Wednesday, May 15, 2013

Newt Gingrich wants to rename the cell phone, doesn't think smartphone is smart enough

Newt Gingrich wants to rename the cell phone. The cellular phone, mostly abbreviated cell phone or cellphone, got its name because a cellular phone system divides an area into small cells, and cell phones connect and disconnect as they enter and exit cells. However, as was reported on Monday, Gingrich thinks the ubiquitous device needs to be renamed, since it no longer just makes phone calls.

The former House speaker and 2012 GOP presidential candidate posted a video to the Gingrich Productions YouTube channel, ask his followers what they believe the modern-day cell phone should be called. He said:
Think about it. If it is taking pictures, it’s not a cell phone. If it has a McDonald’s app to tell you where McDonald’s is based on your GPS location —- that’s not a cellphone. If you can get Wikipedia or go to Google —- that’s not a cell phone. If you can watch YouTube —- that’s not a cell phone. Or Netflix.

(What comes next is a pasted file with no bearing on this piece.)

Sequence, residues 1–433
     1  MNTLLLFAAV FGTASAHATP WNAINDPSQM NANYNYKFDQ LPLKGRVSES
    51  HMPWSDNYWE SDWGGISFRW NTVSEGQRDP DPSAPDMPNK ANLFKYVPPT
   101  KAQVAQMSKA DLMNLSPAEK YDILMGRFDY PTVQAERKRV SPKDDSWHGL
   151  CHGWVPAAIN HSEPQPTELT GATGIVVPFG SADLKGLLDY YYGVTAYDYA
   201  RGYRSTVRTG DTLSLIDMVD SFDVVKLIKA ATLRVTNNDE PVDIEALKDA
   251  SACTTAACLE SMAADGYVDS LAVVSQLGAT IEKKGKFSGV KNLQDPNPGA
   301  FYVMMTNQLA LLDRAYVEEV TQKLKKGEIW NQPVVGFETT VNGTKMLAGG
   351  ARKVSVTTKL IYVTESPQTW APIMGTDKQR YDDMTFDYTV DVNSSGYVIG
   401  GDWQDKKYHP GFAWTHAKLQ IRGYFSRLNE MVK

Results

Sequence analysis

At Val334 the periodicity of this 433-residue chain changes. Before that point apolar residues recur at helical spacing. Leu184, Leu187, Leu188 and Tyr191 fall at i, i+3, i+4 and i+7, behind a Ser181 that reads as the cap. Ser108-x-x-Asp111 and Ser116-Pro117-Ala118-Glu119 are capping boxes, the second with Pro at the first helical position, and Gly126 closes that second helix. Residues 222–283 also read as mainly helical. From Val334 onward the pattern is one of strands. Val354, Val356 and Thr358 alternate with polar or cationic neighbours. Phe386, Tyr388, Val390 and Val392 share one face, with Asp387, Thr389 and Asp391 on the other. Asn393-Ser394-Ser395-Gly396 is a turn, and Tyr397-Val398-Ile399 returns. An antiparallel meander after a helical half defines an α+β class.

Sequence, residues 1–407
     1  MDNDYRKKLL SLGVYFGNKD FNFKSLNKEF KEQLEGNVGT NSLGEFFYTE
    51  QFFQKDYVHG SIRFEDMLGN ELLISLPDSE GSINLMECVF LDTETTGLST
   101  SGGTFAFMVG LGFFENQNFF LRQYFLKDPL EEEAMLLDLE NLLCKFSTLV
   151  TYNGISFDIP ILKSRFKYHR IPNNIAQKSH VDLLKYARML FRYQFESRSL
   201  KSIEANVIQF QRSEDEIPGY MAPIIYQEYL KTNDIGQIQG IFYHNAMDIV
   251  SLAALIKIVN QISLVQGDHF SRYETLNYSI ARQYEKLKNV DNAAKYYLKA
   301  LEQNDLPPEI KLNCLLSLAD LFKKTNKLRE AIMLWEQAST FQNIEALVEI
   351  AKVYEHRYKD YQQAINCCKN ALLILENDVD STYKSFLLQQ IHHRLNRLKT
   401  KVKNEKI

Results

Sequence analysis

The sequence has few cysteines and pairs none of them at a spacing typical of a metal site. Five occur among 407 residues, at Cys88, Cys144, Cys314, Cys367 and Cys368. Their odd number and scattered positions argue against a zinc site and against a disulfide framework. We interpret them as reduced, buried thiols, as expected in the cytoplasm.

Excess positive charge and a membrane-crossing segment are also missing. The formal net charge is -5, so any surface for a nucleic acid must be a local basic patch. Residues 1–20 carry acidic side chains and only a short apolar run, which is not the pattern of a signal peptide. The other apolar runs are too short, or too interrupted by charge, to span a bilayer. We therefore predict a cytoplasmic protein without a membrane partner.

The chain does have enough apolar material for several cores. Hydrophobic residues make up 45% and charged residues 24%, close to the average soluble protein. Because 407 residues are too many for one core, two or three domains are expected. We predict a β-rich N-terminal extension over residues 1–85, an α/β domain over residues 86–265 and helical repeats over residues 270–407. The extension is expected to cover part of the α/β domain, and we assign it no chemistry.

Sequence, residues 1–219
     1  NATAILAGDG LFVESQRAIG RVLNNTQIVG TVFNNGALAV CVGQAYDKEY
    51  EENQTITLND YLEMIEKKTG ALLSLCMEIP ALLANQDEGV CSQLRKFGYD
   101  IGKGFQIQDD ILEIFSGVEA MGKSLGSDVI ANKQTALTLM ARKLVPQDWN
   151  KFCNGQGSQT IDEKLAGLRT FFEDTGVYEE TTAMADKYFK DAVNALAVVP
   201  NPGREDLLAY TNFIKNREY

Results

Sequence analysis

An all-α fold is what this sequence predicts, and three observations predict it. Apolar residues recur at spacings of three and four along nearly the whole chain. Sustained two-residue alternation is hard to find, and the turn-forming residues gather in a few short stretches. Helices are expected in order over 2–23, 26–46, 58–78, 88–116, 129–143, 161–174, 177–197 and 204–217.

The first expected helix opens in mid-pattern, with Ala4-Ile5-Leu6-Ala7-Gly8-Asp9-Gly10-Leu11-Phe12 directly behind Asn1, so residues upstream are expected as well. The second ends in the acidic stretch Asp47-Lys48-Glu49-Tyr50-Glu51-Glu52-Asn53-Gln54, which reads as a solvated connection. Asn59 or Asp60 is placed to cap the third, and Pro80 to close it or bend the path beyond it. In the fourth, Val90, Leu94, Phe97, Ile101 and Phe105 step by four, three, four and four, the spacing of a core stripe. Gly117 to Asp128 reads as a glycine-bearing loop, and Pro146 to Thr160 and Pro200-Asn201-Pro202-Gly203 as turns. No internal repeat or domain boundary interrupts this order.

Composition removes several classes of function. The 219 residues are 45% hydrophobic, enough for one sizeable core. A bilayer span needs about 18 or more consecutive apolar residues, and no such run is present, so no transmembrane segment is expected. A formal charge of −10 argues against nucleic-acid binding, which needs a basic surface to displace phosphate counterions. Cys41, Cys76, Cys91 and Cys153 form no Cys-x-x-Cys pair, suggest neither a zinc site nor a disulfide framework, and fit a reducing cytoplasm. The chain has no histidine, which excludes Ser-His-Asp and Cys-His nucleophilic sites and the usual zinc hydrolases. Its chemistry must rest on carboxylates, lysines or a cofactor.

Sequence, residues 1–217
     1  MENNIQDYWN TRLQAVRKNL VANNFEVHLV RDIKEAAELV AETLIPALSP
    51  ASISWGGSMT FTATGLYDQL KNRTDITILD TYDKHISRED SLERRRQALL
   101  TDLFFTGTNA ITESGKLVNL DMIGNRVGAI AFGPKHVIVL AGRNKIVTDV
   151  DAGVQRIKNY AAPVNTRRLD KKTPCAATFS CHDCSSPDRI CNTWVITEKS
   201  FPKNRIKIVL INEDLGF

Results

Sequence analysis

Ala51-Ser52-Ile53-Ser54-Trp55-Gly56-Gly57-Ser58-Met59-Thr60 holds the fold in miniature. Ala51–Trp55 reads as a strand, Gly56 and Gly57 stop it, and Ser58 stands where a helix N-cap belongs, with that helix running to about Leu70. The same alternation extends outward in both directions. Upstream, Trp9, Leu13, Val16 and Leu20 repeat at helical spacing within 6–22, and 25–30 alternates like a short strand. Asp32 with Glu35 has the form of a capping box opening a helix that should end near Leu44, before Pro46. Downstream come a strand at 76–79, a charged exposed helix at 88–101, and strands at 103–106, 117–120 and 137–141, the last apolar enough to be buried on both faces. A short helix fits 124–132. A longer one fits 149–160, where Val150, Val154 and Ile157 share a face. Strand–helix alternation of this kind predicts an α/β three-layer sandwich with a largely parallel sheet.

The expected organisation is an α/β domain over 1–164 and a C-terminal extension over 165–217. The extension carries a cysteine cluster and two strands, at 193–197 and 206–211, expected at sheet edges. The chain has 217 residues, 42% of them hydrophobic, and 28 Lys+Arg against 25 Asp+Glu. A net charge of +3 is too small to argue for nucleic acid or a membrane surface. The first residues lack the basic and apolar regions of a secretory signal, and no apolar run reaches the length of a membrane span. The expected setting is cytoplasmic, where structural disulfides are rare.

This device is something new and different. I have been calling it a handheld computer.

What would you call this? So we can explain to people that they carry in their hand literally the potential to have a dramatic revolution in how we get things done, in how we take care of our own health, in how we interact with our government and in how we are productive.
Gingrich is correct in that modern day mobile devices are more powerful than early computers. However, he ignores the fact that such devices -- while containing the innards that still allow them to make phone calls -- already have a name. Most agree that name to be "smartphone."

Many of the comments on the YouTube channel pointed that out as well. Others, though, issued snarky comments, such as:
We at Gingrich Productions have spent weeks trying to figure out what you call this."

... You are paying these people? For what? Can I work there?
Meanwhile, Woody Hales, Gingrich Productions Press Coordinator, said that despite agreement on the term "smartphone," Gingrich does believe that is accurate, either. Hales said:
It’s not a smarter way to make phone calls. The word still makes reference to a phone, but it’s not primarily a phone anymore.
It's true that the number of phone calls made on (ahem) mobile devices have dropped while communication via text, chat, or email has climbed, but is it really that "smart" to get into such a discussion?





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